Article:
Council Offices, Northallerton
Shown within North Yorkshire
|Sovereign state||United Kingdom|
|Region||Yorkshire and the Humber|
|Administrative county||North Yorkshire|
|o Type||Hambleton District Council|
|o Leadership:||Leader & Cabinet|
|o MPs:||Rishi Sunak,|
|o Total||506 sq mi (1,311 km2)|
|o Rank||Ranked 268th|
|o Density||180/sq mi (70/km2)|
|Time zone||UTC+0 (Greenwich Mean Time)|
|o Summer (DST)||UTC+1 (British Summer Time)|
|ONS code||36UC (ONS)|
Hambleton is a local government district of North Yorkshire, England. The main town and administrative centre is Northallerton, and the district also includes the market towns and major villages of Bedale, Thirsk, Great Ayton, Stokesley, and Easingwold.
The district was formed by the Local Government Act 1972 on 1 April 1974, as a merger of the urban district of Northallerton with Bedale Rural District, Easingwold Rural District, Northallerton Rural District, and part of Thirsk Rural District, Stokesley Rural District and Croft Rural District, all in the North Riding of Yorkshire.
The district is named after the Hambleton Hills, part of the North York Moors National Park, on the eastern edge of the district. This area is the subject of a national habitat protection scheme as articulated in the United Kingdom's Biodiversity Action Plan.
Hambleton covers an area of 1,311.17 km² most of which, 1,254.90 km², is green space. The district is named after the Hambleton Hills, part of the North York Moors National Park, on the eastern edge of the district. This area is the subject of a national habitat protection scheme as articulated in the United Kingdom's Biodiversity Action Plan.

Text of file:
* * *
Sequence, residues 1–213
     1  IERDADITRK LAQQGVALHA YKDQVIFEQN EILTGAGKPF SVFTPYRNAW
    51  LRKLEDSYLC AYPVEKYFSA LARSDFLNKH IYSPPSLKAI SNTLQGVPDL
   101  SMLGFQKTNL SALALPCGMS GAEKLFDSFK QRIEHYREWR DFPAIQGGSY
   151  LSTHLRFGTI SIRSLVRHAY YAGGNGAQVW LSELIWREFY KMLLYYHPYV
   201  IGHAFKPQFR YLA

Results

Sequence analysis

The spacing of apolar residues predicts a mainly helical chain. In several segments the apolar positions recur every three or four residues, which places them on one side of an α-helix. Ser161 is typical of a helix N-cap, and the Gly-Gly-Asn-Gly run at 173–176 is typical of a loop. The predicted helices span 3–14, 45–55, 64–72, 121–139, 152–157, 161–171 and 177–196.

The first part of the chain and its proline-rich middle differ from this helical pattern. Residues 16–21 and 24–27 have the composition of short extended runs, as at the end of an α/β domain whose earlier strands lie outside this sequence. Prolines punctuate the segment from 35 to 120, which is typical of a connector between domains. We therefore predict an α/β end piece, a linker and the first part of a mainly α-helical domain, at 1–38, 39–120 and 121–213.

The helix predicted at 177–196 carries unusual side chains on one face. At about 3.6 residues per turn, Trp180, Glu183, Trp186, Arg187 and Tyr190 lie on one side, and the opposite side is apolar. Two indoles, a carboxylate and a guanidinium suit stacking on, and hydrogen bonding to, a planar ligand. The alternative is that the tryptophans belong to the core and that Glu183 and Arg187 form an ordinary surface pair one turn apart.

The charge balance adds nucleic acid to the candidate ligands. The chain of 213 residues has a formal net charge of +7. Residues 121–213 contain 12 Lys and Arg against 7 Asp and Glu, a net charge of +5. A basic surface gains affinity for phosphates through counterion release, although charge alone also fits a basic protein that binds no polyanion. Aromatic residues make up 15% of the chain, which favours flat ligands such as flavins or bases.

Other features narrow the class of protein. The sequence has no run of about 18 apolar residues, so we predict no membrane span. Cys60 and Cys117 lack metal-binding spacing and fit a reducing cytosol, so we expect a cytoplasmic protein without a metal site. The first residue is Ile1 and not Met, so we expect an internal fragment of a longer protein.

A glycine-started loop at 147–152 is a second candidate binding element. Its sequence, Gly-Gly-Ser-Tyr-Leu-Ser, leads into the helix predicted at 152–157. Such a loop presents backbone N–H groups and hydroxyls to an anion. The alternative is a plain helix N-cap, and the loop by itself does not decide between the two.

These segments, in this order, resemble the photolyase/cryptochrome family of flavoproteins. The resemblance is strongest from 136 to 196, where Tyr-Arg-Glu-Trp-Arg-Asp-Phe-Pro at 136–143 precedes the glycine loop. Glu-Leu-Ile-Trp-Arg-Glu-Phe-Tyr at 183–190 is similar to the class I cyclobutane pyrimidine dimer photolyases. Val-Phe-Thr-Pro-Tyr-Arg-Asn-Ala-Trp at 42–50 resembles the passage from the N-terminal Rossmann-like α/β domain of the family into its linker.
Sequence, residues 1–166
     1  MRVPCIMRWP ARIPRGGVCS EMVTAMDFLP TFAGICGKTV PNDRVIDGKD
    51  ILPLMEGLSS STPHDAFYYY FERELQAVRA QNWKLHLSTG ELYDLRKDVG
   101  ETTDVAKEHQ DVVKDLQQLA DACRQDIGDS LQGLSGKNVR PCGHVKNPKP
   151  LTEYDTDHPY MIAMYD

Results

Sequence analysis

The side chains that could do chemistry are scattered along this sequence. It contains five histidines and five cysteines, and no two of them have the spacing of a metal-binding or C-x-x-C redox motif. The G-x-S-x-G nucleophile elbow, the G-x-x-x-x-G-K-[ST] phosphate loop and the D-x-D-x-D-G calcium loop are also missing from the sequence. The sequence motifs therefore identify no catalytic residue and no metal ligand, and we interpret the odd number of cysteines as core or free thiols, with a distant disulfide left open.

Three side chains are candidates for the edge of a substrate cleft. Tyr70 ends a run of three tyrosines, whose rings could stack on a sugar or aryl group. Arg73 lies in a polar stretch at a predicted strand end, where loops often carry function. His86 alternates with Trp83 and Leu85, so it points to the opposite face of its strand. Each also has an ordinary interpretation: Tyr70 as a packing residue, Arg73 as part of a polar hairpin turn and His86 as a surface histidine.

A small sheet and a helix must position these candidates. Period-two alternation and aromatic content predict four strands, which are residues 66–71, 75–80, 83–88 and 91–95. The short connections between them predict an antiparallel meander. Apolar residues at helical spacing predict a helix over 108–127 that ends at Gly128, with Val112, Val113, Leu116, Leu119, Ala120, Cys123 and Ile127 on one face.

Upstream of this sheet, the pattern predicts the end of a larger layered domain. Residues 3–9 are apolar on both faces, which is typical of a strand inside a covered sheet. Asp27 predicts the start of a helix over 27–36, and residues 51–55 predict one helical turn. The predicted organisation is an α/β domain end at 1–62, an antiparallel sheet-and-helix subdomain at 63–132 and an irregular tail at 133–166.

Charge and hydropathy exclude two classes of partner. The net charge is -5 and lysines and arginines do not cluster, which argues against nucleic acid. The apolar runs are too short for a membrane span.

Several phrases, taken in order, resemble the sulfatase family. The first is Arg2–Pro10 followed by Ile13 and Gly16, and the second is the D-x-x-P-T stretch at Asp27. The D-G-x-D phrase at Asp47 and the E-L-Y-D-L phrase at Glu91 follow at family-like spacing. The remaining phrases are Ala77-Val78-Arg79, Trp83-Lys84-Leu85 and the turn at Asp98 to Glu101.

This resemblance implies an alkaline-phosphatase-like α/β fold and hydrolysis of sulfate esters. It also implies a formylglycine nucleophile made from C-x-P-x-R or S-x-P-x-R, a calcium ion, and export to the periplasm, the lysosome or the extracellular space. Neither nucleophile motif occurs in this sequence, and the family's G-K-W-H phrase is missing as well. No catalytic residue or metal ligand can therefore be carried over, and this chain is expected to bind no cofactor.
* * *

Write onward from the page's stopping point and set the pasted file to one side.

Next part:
About 75% of the district lies in the Vales of Mowbray and of York. These two vales consist largely of low lying and intensively worked arable land which is mostly used for farming. 16% lies within the North York Moors National Park and just over 1% is in the York green belt zone.
In 2007 Hambleton had an estimated population of 86,900 an increase of 3.2% on the population of 84,200 recorded in the 2001 UK census. In the 2001 census 83% of respondents identified their religion as Christians above the national average for England which was 71.74%. No other religion accounted for more than 0.2% of the population; the next two largest groups of respondents were those with no religion, at 10.40%, and those who did not state a religion, at 6.14%.
In May 2006, a report commissioned by British Gas showed that housing in Hambleton produced the 8th highest average carbon emissions in the country at 7,242 kg of carbon dioxide per dwelling. Whilst this has come under some scrutiny, it is important to remember that due to the remote nature of the councils parishes (Great Langton, Scorton etc.) carbon emissions are likely to be high.